So, now that you've got your lumber selected and cut, label each piece as to whether it is an end plate, a side piece, a cross member, etc. Also, label each piece, both sides as to whether it is the top and whether it is going on the inside or the outside.

    Mark and drill the holes in each piece of wood. Install the T-nuts. You're ready for the next step - assembling the pieces.

    Bob M.
  17. railwaybob

    railwaybob Member

    The key to assembling those pieces of wood is to free up as many hands as possible so that you only need two hands to do the job. This is where some "jigs" come in hand. In this case, our jig are a couple of pieces of 2"x 4" cut to the thickness of our styrofoam - in my case, 1½" x 1½"x 18".

    Your corner gusset (the piece of wood your styrofoam is going to rest on, can go from one side of the module (as is shown in the photos on my website) or it can simply be a triangular piece of wood. You will be assembling your pieces of wood so that the pieces marked "top" are face down on your work bench.

    Start with the end plate. Load the end plate up with screws so that they just poke through to the other side. Place your end plate so that the ¾" surface is touching the surface of your work bench. Place your pieces of 1½"x 1½"x 18" next to the end plate. You have just created a ledge for holding your corner gusset exactly 1½" from the top of your module frame. You have just freed up one extra hand so that you now have two hands free.

    Load the ¾" edge of your corner gusset with glue (suggested glue - yellow carpenter's glue) and place it on the 1½"x 1½"x 18" ledge so that the ¾" edge of the gusset is touching the side of the end plate - lined up with the screws. Align the end of the gusset with the end of the end plate so that both pieces are flush with each other. Screw in the screws. Repeat the process at the other end and with the other end plate. You have now created four 90° corners. You are ready to fasten the two side pieces.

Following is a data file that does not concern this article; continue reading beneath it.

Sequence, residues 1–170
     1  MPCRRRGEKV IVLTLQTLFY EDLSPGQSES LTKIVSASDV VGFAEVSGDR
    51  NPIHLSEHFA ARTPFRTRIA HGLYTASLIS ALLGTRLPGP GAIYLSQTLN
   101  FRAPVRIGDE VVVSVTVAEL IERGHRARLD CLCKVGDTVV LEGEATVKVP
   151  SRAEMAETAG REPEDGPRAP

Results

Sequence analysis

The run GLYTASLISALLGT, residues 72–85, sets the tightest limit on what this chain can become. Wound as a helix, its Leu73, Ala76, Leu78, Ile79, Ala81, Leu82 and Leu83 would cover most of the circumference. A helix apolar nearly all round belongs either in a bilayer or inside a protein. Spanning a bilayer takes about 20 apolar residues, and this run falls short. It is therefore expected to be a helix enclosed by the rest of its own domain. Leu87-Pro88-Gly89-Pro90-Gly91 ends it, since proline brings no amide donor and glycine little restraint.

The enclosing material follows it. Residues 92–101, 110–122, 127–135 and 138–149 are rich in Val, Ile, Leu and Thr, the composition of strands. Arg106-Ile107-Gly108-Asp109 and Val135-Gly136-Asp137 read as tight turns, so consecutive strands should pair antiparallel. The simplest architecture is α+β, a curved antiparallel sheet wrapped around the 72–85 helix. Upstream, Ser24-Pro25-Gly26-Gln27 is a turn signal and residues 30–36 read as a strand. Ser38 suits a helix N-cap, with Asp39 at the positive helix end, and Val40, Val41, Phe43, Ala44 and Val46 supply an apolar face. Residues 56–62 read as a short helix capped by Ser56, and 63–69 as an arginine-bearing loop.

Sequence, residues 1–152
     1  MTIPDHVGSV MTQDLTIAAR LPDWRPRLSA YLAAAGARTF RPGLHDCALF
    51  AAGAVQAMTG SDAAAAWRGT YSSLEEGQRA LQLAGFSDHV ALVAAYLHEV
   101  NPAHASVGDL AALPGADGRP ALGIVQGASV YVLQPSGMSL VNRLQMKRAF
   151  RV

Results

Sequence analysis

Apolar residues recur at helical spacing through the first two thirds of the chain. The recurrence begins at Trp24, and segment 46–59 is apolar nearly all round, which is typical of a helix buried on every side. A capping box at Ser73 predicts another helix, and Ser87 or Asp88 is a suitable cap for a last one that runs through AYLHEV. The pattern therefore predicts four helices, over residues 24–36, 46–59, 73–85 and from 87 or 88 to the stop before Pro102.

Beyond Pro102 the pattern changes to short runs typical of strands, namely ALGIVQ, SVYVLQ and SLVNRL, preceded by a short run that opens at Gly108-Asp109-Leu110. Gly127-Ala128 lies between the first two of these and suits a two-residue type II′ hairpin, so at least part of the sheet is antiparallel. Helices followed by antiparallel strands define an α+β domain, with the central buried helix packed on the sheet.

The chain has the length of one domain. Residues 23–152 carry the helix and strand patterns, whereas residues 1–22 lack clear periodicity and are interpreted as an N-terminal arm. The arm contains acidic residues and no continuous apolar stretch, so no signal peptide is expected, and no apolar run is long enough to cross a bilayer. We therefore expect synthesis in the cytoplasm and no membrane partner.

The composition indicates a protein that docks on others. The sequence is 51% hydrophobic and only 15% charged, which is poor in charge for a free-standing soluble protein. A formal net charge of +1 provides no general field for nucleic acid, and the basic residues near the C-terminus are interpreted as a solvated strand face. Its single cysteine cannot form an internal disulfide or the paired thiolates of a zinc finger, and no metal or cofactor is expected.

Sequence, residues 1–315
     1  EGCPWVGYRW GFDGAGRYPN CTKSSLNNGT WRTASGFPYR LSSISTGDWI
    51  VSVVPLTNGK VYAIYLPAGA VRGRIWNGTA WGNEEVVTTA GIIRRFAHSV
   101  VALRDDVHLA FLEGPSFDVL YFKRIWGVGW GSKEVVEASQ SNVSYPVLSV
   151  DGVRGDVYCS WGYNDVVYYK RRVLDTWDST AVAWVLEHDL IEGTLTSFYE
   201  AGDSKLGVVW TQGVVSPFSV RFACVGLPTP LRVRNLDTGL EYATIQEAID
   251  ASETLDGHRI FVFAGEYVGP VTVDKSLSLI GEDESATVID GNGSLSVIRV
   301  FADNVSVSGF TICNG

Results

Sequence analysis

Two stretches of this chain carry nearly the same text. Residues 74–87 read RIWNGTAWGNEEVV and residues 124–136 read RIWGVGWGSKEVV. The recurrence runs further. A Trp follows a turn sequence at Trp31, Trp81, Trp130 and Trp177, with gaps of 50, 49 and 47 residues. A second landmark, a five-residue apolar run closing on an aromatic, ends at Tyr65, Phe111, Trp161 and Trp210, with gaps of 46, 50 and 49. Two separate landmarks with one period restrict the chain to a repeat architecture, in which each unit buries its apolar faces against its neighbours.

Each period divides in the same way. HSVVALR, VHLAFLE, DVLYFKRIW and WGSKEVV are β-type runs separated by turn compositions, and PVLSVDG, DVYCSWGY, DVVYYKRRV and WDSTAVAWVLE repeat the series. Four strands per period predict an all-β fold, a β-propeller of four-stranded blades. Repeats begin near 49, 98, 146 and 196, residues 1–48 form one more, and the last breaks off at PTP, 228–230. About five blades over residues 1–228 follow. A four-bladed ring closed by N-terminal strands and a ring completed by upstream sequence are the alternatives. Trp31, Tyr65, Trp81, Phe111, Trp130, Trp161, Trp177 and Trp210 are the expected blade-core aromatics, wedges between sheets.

If you find that your corners aren't exactly flush, a sanding block and a bit of sanding will solve the problem.

    Start with one side piece and one end plate/gusset combination. Load both ends of the side piece with screws that just poke through the other side of the wood. Place your 1½"x 1½"x 18" pieces of wood alongside one of the side pieces at the end where you are going to fasten an end plate/gusset combination. Load the ¾" part of the end plate/gusset combination with glue and place the gusset (now glued to the end plate!) on top of the 1½"x 1½"x 18" pieces of wood. Make sure that the parts of both pieces marked "top" are down agains the deck of your work bench. Adjust the end plate/gusset combination and the side piece so that the corners are flush. Screw in the screws.